GILBERTSON: Flames could be tough for first-round favorite

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It’s usually sort of a springtime tradition in the hockey world – talk about a lower-ranked team that no one wants to face in the first round of the Stanley Cup Playoffs.In this unprecedented summer recovery, the Calgary Flames may fit that profile.

Give them credit – the Flames were impressive in a four-game ouster against the Winnipeg Jets in the genre’s opening round qualifying. With all due respect to the rest of the Western Conference play-in survivors, this is probably the side the favorites prefer to avoid.

“Right now, with our team, I think the biggest thing is we’re hungry,” said Flames frontline center and alternate captain Sean Monahan, pacing his team with six points up to present. “We’ve had playoff chances before and we’ve been embarrassed and obviously eliminated on several occasions. Right now you’re looking at our team, every guy is bought and every guy wants it.

“I think the character of our team has intensified. ”

Advancing into the qualifying round – whatever your classification, Calgary’s first postseason series triumph since 2015 – is no small step.

The Flames’ next opponent will be determined Sunday afternoon, and it’s that simple: they will meet the winner of a morning match between the St. Louis Blues and the Dallas Stars (1 p.m. MT, Sportsnet). Even though the action will take place in an empty Rogers Square in Edmonton, the other players will have the edge on the ice in what will be a best-of-seven battle.

The Blues, of course, are the reigning Stanley Cup champions and all the key pieces in that race – a list that is headlined by Jordan Binnington, Alex Pietrangelo, Ryan O’Reilly and Vladimir Tarasenko once again in good health. – are back the offer for a repeat.

The Stars appear to be a more favorable game, especially as they dropped six in a row before the pandemic break and lost back to back in the bubble. That said, they were the stingiest team in the Western Conference during the regular season and have a group of dudes – led by Jamie Benn, Joe Pavelski and Tyler Seguin – with a history of filling the net against the Flames.

“It doesn’t matter who we play, it’s going to be a hell of a tough run,” said Calgary starting scorer Cam Talbot. “There are only good teams left.”

Indeed, there are reasons to fear both the Blues and the Stars, each capable of dodging the game after finishing among the top four in the regular season standings.

The point is, the Flames are also a formidable enemy. From this point of view, they have a serious potential for upheaval.

For starters, they have a rating depth. In fact, each of their first row, second row and third row tickled string against the Jets, while Tobias Rieder pulled on a shortie and rearguard Rasmus Andersson pulled one into an empty net.

“I mean, when you have 11 guys on the scoresheet…” said Talbot, no doubt grateful for the support of the race. “Our best players were our best players (against Winnipeg), but we got top-to-bottom contributions from our roster. Our penalty was really good and our power play got some big goals, so I think the special teams are going to be huge. But to score depth, that’s for sure …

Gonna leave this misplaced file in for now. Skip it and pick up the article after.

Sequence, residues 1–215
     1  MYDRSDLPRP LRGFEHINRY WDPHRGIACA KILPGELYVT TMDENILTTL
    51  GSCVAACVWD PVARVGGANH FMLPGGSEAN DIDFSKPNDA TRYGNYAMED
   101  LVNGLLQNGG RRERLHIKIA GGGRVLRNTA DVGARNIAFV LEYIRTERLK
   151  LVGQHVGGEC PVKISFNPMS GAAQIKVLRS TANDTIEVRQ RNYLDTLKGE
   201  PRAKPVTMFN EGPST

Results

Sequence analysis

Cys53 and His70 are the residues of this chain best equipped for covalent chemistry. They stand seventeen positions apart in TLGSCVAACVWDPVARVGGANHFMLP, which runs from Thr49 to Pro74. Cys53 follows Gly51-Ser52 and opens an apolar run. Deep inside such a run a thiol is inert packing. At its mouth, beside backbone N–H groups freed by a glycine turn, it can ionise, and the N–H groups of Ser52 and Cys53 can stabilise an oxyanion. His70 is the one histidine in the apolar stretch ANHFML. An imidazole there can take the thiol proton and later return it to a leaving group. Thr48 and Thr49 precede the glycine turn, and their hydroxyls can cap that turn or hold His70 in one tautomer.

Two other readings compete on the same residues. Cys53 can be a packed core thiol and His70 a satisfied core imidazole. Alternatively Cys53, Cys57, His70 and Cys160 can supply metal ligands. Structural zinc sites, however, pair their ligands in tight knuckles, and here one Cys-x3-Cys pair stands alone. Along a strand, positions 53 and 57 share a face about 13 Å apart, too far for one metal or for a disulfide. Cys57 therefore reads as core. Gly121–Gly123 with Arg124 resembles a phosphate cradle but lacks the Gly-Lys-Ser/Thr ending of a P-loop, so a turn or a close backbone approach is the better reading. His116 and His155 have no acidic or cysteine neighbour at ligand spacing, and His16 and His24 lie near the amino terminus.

“Anytime you can get contributions from everyone it’s going to be huge, and I think that’s what’s going to make us a tough team to manage moving forward.

While the Flames still have plenty of talent, they added courage and tenacity after an early – and easy – outing as a seed last spring.

They have a reliable defense, especially if TJ Brodie continues to play at the same level he did in the play-ins.

And their favorite goalie is in kind of a groove right now. Talbot did not allow any softies against Winnipeg, posting a stunning 1.51 goals-against average and .947 save percentage.

Perhaps most important of all, the Flames have learned some tough lessons from their past playoff flops and seem – at least so far – to have turned all that frustration into valuable fuel.

Some would say they had an easier route due to the Jets’ injury issues, but it’s a positive sign that they refused to calm down, sticking to a crash-and-bang mark that has clearly wreaked havoc on the under-authorized opposition.

“What’s going to make our team difficult is that we’re physical and we have a really good forward failure,” said third-row cross Sam Bennett, who has scored twice and had 22 hits in the game. jets drop. “We can be tough on the other team’s defense. I think we showed that in the Winnipeg series, and we’re not going to give up on the next player.

Whoever plays next, the Flames – the eighth seed in the play-ins, now sixth among the remaining teams – will be considered the underdogs.

After you finally get over that first bump, however, it looks like a less light one that could do some serious damage.

They should feel good after their performance against the Jets, although overconfidence has been an enemy in the past.

“I thought it was a great series for us – we learned a lot about our team and we played pretty solid hockey,” Bennett said on Saturday’s Zoom conference call with the media. “But now we’re looking right ahead. We are going to move on. We played good hockey and now we’re moving on and worrying about the next team, whoever it is.

“It doesn’t really matter to us. We are a confident bunch right now. ”

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Twitter.com/WesGilbertson



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